British nuclear missile ‘misfires and crashes into ocean’

A Trident nuclear missile misfired and crashed into the ocean near the submarine that launched it during a test last month, it has been reported.

It is the second misfire in a row,  with a test launch of a Trident missile by the Royal Navy off the coast of the US in June 2016 also reported to have been a failure.

The missile’s first stage boosters did not ignite during a test launch by HMS Vanguard on January 30, and it fell into the ocean and sank, the Sun reported.

An anonymous source quoted by The Sun said: “It left the submarine but it just went plop, right next to them.”

The Ministry of Defence confirmed an “anomaly” that was “event specific” occurred during the test off the coast of Florida, but refused to provide further information on the grounds of national security.

It is said to be the second misfiring in a row, with a test launch of a Trident missile by the Royal Navy off the coast of the US in June 2016 also reported to have been a failure.

Royal Navy Vanguard class submarine HMS Vigilant

Royal Navy Vanguard class submarine HMS Vigilant – Thomas McDonald

Defence Secretary Grant Shapps and First Sea Lord Admiral Sir Ben Key were both on board the submarine during the test, according to the newspaper.

An investigation began into what went wrong, and a search was ordered to recover the top-secret technology from the seabed, it was reported.

The test, which involved a dummy warhead, was the last before the £4 billion submarine re-enters service after a seven-year refit in Plymouth.

The Ministry of Defence said all tests had been passed and insisted that it has “absolute confidence” in the nuclear deterrent.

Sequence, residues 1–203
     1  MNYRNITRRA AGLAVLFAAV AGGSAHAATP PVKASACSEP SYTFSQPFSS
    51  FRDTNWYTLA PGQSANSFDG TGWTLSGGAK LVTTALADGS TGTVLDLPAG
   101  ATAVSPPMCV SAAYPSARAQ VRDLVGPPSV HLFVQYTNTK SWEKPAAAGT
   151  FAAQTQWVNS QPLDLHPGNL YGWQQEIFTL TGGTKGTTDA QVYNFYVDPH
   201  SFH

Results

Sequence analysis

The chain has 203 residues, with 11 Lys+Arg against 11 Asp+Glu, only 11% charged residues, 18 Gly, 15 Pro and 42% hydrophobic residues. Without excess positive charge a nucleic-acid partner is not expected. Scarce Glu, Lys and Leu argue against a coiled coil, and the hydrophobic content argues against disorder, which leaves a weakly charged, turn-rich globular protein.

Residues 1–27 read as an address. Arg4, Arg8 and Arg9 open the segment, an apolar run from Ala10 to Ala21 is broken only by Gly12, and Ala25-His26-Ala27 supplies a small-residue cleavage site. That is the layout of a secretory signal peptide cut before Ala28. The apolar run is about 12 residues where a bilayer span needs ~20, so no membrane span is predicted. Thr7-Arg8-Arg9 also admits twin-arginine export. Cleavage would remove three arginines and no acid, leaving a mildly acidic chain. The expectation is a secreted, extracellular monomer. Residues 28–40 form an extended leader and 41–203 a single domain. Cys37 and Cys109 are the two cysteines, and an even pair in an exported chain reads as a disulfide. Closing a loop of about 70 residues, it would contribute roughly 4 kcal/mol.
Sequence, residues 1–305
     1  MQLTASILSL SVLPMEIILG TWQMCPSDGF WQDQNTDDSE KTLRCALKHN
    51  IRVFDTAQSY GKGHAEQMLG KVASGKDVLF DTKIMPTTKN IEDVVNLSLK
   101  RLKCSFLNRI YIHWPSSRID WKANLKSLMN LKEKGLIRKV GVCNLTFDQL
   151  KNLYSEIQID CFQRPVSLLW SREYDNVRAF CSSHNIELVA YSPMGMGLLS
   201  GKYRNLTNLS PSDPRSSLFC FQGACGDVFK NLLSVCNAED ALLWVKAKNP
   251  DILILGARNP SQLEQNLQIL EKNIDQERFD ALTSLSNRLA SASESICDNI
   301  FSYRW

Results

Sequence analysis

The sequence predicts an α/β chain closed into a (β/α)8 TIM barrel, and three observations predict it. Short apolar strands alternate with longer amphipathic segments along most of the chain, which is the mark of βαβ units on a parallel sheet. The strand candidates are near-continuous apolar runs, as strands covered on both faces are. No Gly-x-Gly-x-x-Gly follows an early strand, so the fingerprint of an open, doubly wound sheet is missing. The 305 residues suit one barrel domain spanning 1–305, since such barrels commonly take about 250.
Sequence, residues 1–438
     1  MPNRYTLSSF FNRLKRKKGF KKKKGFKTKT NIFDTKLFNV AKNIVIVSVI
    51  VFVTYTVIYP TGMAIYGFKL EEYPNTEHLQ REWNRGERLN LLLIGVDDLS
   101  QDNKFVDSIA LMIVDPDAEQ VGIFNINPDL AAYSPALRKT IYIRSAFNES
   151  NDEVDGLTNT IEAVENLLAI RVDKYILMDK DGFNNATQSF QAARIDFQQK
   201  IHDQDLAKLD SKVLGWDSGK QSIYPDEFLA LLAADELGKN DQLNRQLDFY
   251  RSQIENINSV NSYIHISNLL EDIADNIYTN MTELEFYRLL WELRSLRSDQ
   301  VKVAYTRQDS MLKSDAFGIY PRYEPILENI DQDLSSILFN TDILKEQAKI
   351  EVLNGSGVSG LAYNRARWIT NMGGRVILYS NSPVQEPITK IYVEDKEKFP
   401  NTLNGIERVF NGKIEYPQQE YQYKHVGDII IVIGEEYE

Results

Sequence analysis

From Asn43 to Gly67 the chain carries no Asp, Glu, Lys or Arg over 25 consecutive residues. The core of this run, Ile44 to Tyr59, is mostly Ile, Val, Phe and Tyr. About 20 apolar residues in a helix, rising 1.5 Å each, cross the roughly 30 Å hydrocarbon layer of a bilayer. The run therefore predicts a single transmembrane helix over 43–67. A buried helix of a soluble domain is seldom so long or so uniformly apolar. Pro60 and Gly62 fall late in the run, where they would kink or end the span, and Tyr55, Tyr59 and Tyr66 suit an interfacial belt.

A written ministerial statement on Britain’s nuclear deterrent is expected to be laid in the House of Commons by Mr Shapps, according to Wednesday’s order paper.

Shadow defence secretary John Healey said: “Reports of a Trident test failure are concerning.

“The Defence Secretary will want to reassure Parliament that this test has no impact on the effectiveness of the UK’s deterrent operations.”

Vessels to be replaced

A submarine carrying nuclear weapons has been on patrol at all times since 1969 as part of the UK’s continuous at sea deterrent.

The Royal Navy has four Vanguard class vessels which fulfil this role on rotation. They carry around 140 crew, as well as Trident ballistic missiles.

The ageing vessels, which have been in service for 30 years, are set to be replaced in the 2030s by the Dreadnought class, which are currently under construction.

In November, a Vanguard class submarine was reported to have had a near miss after a gauge malfunctioned and left it sinking towards an unsafe depth.

An MOD Spokesperson said: “HMS Vanguard and her crew have been proven fully capable of operating the UK’s Continuous At-Sea Deterrent, passing all tests during a recent demonstration and shakedown operation (DASO) – a routine test to confirm that the submarine can return to service following deep maintenance work.

“The test has reaffirmed the effectiveness of the UK’s nuclear deterrent, in which we have absolute confidence.

“During the test an anomaly occurred. As a matter of national security, we cannot provide further information on this, however we are confident that the anomaly was event specific, and therefore there are no implications for the reliability of the wider Trident missile systems and stockpile. The UK’s nuclear deterrent remains safe, secure and effective.”

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